Although they say that nobody really wins in a war, some battles in history could be considered, depending on which perspective you’re looking, great military victories or huge military disasters — when the defeated side was in a complete failure in achieving their goals in the first place, lost many lives and equipment, totally being the big losers. While many factors could’ve affected the result, like errors, logistical problems, poor planning, or just plain bad luck, in the end, when all was said and done and lost, it wouldn’t really matter. Here are some of the painful military disasters of history:

The Battle of Marathon, 490 BC

This was a battle between Persia and Greece when Persian forces under the command of Datis and Artaphernes attempted to invade the city-state of Athens, which allied with the city of Plataea. Athens had encouraged and participated in the revolt of smaller greek cities against Persian rule, in retribution for this the Persian king Darius I swore before Zeus that he would burn Athens to ashes. This began the first war between Athens and an expansionist Persian empire, with the second one famously begun by his son, Xerxes I, who inherited the goal of subjugating Greece after his father died. continue his father’s goal after he died.

Scene of the Battle of Marathon. (John Steeple Davis, Public domain, via Wikimedia Commons)

In 490 BC, Darius and Artaphernes sailed the Persian fleet to the island surrounding the sacred island of Delos and brought them back under Persian control. Then on to the island of Euboea to take the city of Eretria, Athen’s ally in assisting other Greek islands revolting against the Persians. Emboldened by their successes so far, the Persians sailed for Attica and landed in the bay near the city of Marathon.  The Athenians knew they were next and with a small force from Plataea marched to block the two exits from the plain of Marathon to contain the Persian. At the time, the most famous warriors in Greece were the Spartans and Athens sent a letter to Sparta asking for their help. the Spartans replied that they were holding a religious festival and could not help them until the full moon rose, some ten days away.

The Athenians and their allies were on their own until then, so they shrewdly positioned their troops in the marshes and mountainous terrains to prevent the excellent Persian cavalry any room to charge or maneuver against their flanks. Athenian general Miltiades beefed up is flanks in a plan to draw the Persian infantry into his center which would slowly retreat backward into a bowl that would allow his flanks to envelope the Persians. The Athenians had their flanks protected by woods and wooden stakes and a stalemate ensued for five days while the Persians built a camp, got their supplies ashore and pondered their next move.  A costly battle here might prevent them from reaching Athens with enough troops to take the city, but the longer they waited the more likely it was the Spartans would arrive and tip the balance of forces over to the Greeks.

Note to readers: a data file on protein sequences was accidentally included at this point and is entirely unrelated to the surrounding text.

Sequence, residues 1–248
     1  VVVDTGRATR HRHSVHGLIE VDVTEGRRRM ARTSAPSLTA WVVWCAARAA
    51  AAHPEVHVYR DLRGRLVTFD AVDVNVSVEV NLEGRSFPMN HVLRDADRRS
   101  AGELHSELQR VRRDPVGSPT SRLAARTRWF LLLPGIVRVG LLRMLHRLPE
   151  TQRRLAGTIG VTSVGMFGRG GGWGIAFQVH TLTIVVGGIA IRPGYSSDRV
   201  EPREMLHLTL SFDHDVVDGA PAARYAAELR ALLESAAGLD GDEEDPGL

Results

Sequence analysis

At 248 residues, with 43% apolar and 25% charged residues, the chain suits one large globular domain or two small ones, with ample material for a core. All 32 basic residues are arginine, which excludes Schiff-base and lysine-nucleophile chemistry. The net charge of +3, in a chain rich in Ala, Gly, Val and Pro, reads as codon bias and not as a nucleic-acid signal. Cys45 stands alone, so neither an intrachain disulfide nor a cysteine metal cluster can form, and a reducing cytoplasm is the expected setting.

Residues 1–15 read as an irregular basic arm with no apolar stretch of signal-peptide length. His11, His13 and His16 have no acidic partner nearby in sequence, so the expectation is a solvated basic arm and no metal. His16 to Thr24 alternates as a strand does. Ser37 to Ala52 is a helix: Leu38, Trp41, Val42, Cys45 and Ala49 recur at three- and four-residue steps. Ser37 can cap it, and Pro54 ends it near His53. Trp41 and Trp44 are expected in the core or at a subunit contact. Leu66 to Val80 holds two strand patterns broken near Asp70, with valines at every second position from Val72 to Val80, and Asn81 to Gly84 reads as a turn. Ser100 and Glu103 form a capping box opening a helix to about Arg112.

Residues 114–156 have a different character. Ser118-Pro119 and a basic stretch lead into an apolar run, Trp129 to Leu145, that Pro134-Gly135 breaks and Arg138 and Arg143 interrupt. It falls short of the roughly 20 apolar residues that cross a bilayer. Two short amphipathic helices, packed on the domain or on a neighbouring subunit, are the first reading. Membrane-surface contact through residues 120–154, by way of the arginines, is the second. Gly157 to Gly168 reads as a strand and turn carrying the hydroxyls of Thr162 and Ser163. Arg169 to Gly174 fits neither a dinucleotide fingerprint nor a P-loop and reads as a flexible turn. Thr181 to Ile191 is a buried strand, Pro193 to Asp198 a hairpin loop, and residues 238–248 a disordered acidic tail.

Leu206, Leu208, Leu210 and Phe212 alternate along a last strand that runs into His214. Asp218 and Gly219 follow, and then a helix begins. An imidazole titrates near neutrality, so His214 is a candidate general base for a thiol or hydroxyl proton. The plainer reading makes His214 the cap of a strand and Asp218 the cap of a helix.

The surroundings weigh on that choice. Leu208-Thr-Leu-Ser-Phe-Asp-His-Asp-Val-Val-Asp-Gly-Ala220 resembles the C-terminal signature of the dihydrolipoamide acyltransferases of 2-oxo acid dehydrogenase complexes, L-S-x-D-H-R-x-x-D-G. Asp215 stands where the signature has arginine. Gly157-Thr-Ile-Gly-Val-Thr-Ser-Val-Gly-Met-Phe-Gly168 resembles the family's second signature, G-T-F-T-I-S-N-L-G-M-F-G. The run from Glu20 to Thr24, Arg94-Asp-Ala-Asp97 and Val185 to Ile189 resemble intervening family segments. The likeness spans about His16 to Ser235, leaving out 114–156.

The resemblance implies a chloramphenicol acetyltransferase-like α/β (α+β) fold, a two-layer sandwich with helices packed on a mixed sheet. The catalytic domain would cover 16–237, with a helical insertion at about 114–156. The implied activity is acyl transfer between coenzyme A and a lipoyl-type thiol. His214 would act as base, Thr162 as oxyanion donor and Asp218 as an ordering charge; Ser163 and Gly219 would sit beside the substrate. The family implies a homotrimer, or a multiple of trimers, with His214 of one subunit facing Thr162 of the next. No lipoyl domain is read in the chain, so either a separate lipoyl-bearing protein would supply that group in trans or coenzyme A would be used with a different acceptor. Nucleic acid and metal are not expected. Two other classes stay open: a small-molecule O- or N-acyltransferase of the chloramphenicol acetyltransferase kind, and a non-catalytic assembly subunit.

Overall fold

The Persian infantry was lightly armed compared to the Greek Hoplite who carried both a long spear and sword and was protected by a large shield.  The Hoplite fought in a tight, disciplined formation that could defeat most infantry but was vulnerable on the side and rear to cavalry attacks, so the Persians had to also consider that a frontal attack on a Greek Phalanx was nearly suicidal.

No one is really sure how the attack started, but it appears that the Persians decided to load their cavalry back on the ships and send them on a flanking maneuver behind the Greeks or perhaps to attack Athens itself while the Greek army was tied up at Marathon facing down the Persian infantry.  In any event, it appears that the departure of the cavalry prompted the Greeks to advance and attack the Persian front.

The Greeks stretched out their line to prevent the Persians from being able to turn their flanks and closed the 1,500 yards distance quickly at a trot to reform just outside the range of Persian archers.  They then marched right into the Persian lines.  As planned the Greek center gave way and the Persians began to push in.  The better Greek troops defeated the Persians arrayed against the and rather than continue to advance, they turned in towards the center to attack the flanks of the Persian troops.  Seeing that they were about to be enveloped, the Persians at the center broke and tried to flee, but it was too late, the Greek flanks moved in and a great slaughter ensued.  Something on the order of 6,000 Persians died for the loss of less than 200 Greeks.

Some myth surrounds the battle about a runner who was dispatched to Athens to bring news of the victory and covered the distance of some 26 miles in a very short time.  He was brought before the Athen’s leaders, reported that the Greeks had won the battle and then died from exhaustion.  In any event, the story of the runner ended up inspiring the Olympic games which sprung from an annual commemoration of the event in Greece.